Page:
The enormous German Roentgen Satellite (ROSAT) is expected to strike Earth on Saturday, anywhere inside an area that stretches from North America to South America and their adjacent waters. However, astronomers believe that the chance of falling fragments striking a densely populated area is very low.
The risk of the ROSAT directly knocking on someone's head is 1 in 2,000, according to the European Space Agency. A similar probability was calculated when NASA's Upper Atmosphere Research Satellite (UARS) was due to fall back to Earth last month. in fact, the odds then were 1 in 3,200. Fortunately, there were no head-knocking incidents then, as the UARS crashed safely in the Pacific Ocean.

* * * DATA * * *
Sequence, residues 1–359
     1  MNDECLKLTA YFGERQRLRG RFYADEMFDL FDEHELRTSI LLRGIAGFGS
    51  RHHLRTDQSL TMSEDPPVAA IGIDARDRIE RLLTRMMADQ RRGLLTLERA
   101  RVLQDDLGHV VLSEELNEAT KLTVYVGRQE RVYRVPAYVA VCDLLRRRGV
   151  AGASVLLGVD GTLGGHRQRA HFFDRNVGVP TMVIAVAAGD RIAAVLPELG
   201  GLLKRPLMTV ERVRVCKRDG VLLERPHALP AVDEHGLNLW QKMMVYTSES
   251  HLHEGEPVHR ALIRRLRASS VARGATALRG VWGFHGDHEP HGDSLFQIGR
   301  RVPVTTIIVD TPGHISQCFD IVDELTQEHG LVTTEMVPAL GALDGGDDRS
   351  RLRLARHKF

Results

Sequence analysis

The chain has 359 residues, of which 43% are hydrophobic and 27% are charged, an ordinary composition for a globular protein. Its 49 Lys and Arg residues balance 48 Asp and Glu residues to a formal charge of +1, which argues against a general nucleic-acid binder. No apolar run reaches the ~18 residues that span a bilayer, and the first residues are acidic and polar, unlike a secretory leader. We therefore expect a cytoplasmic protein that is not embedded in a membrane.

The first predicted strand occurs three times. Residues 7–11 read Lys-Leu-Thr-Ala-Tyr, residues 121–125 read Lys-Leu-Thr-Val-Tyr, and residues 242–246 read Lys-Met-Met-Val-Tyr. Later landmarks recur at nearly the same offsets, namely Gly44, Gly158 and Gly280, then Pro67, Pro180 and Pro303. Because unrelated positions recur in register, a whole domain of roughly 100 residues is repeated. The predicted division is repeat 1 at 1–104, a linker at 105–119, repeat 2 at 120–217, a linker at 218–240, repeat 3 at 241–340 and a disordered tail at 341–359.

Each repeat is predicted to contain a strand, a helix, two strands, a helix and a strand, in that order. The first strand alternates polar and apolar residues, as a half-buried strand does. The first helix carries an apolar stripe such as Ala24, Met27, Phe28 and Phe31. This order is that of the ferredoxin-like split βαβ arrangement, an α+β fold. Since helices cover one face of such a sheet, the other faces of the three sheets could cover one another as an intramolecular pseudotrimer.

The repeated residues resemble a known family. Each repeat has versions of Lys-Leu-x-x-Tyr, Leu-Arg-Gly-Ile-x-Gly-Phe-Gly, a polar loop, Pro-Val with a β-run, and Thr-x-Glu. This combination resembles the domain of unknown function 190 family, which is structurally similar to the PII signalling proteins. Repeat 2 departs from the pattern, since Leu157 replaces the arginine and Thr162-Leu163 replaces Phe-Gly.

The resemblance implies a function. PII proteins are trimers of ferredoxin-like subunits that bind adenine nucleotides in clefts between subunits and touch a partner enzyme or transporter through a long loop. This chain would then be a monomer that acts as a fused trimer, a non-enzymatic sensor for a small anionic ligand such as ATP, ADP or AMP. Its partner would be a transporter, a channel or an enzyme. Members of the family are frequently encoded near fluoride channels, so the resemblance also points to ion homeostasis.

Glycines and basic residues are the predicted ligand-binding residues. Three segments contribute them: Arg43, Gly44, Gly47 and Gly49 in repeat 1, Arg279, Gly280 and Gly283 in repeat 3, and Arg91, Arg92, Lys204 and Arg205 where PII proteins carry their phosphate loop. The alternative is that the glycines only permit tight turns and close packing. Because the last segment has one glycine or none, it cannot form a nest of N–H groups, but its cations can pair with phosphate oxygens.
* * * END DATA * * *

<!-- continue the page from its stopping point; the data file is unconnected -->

Moreover, given the fact the planet is covered mostly by water, it is more than likely that the ROSAT will not fall over land at all.
The 2.7-ton ROSAT suffered a technical malfunction in 1998. The malfunction led to irreparable damage, which resulted in the satellite spending years adrift in orbit around the planet. That orbit has now decayed to the point that it will fall from space.
However, some experts aren't really sure when and where the ROSAT will crash. Although the ROSAT was originally expected to land in November, closer estimates showed that the spacecraft will fall earlier than previously thought.